In recognition of his efforts to convey Jewish values and articulate a humanitarian vision across cultures, Israeli author and filmmaker Etgar Keret has been named the 2016 recipient of the Charles Bronfman Prize.
Established in 2004 by Ellen Bronfman Hauptman and Stephen Bronfman — along with their spouses, Andrew Hauptman and Claudine Blondin Bronfman — to honor the values and commitment to young people of their father, Charles Bronfman, the prize, which includes a $100,000 cash award, recognizes an individual who has made a significant contribution to humanitarian work.
Best known for his short stories, graphic novels, and film and television projects, Keret has been one of Israel's most popular writers since his first collection of short stories was published in 1992. Hailed as the voice of young Israel, Keret's work has been published in forty-six countries and translated into forty-one languages, including Farsi, and has been featured in a variety of high-profile outlets, including The New Yorker, The New York Times, the Wall Street Journal, Le Monde, The Paris Review, Zoetrope, and National Public Radio.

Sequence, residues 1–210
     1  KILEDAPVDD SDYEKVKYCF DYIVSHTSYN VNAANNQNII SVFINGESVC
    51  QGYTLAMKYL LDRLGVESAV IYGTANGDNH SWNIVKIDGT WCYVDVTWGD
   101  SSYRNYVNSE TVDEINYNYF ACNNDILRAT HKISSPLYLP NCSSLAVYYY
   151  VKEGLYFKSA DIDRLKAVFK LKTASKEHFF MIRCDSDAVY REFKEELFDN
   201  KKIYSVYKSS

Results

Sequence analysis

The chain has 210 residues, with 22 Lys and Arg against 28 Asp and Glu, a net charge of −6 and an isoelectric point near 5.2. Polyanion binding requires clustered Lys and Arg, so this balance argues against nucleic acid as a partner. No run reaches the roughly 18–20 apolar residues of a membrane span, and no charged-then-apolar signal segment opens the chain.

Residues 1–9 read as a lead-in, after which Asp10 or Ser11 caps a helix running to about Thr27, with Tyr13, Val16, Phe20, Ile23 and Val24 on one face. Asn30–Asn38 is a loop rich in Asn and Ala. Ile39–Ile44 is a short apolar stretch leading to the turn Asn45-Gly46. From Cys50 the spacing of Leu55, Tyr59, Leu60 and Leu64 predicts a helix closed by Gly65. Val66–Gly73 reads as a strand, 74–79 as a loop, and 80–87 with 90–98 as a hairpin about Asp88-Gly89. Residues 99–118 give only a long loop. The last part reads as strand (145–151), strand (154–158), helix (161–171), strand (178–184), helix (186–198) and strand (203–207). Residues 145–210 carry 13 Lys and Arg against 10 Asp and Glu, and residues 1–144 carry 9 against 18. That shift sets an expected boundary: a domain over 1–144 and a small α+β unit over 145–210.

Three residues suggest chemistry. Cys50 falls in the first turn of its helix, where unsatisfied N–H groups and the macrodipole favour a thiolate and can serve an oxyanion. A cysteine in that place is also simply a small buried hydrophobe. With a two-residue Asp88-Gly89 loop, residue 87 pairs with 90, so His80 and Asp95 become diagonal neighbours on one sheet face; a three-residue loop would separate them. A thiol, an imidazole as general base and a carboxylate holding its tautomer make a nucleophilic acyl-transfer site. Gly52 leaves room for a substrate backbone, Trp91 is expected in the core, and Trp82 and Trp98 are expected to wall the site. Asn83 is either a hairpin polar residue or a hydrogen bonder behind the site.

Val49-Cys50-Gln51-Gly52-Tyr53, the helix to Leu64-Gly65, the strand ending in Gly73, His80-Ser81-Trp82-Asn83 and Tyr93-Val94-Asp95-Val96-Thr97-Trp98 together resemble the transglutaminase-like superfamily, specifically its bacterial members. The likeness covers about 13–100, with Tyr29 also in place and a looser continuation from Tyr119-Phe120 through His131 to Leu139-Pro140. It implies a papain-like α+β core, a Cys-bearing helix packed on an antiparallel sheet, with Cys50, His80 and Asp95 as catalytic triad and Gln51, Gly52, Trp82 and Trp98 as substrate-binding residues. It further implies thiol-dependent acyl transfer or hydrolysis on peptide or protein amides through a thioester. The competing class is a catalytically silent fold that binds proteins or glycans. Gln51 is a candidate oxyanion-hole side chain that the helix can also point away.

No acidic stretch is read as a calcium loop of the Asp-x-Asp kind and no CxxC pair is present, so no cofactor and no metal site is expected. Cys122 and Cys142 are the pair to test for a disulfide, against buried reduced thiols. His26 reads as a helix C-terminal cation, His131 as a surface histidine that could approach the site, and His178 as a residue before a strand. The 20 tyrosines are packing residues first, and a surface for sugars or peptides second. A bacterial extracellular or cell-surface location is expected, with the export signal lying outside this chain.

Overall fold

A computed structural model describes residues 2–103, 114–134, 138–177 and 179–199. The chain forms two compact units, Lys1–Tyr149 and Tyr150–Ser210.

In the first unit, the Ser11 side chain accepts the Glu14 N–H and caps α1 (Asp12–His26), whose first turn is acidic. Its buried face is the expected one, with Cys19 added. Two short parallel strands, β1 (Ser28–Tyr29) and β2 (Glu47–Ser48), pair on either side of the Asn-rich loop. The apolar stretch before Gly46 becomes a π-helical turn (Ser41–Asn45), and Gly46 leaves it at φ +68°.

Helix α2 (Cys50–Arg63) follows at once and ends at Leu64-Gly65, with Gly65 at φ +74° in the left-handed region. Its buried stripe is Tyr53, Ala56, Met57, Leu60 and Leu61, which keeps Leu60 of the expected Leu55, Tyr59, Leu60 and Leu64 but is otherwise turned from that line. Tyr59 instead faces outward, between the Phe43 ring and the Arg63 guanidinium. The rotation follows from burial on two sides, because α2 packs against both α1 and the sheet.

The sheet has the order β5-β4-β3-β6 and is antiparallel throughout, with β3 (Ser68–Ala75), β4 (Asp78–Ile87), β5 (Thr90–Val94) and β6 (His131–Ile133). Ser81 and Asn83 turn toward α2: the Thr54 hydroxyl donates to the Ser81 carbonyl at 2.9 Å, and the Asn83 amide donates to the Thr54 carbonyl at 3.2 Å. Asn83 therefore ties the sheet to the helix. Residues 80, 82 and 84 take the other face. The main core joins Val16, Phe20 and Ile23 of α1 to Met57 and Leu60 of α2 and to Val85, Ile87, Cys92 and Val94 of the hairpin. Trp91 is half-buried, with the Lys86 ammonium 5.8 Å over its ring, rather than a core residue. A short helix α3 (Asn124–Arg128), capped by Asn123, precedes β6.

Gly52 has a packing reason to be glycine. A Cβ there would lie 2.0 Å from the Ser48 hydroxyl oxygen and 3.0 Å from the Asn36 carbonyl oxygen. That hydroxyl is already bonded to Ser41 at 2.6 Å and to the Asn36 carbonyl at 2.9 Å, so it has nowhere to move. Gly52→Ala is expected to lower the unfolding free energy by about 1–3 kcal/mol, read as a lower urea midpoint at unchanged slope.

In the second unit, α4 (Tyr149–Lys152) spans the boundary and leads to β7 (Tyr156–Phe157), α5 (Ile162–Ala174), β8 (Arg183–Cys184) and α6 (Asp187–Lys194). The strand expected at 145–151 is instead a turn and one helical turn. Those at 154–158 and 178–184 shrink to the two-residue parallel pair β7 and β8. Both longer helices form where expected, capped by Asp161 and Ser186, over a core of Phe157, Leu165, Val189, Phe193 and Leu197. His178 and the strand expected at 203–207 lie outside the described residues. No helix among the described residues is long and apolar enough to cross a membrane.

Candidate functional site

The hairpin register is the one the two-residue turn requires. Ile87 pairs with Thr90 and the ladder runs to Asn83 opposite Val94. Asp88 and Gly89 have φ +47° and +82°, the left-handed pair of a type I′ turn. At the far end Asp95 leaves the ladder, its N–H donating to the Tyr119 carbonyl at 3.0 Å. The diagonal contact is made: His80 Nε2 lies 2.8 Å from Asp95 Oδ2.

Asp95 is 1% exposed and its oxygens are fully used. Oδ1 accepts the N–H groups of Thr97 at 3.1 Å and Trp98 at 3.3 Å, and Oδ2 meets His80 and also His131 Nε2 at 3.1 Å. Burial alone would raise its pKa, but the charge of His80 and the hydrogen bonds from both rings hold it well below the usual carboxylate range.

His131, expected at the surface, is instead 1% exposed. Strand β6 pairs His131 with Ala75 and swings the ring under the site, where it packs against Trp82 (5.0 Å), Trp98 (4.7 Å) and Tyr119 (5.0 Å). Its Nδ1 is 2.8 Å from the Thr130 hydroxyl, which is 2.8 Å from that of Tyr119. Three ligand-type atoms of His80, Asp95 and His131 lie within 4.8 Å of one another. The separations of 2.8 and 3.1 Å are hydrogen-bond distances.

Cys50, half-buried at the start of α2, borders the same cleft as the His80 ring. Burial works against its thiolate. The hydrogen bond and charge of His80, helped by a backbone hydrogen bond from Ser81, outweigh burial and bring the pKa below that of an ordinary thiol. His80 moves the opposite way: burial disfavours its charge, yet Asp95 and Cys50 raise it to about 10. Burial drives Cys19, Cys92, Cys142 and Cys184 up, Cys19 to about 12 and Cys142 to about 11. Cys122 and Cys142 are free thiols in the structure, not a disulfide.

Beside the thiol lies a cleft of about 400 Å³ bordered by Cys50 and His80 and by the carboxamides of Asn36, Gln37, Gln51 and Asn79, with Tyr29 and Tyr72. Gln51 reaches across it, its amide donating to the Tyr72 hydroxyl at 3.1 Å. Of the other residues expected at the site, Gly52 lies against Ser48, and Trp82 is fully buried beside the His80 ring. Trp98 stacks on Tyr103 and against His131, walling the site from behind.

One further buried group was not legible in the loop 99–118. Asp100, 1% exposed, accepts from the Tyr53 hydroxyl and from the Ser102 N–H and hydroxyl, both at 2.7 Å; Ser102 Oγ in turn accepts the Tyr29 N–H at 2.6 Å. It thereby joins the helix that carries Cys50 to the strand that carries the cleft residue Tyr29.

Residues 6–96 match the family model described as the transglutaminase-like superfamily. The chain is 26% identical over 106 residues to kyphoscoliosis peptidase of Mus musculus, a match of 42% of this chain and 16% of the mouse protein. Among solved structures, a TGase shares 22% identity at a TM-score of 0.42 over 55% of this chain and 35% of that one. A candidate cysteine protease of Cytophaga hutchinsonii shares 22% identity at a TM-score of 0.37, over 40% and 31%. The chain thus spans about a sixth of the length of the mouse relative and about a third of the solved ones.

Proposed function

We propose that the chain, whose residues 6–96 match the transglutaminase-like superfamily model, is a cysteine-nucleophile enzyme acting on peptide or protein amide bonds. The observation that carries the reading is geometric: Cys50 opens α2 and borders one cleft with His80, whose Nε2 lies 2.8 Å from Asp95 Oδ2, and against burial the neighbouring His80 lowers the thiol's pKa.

"We recognize that humanitarian work is increasingly taking new forms and this marks the first time the Charles Bronfman Prize has been awarded to an individual who uses storytelling as a medium through which he challenges and inspires the way people think about themselves and the world," said Stephen Bronfman on behalf of the prize's founders and an international panel of judges. "Etgar Keret is an important international voice who speaks of the Jewish condition in contemporary terms and demonstrates that writers can play an influential and critical role within society."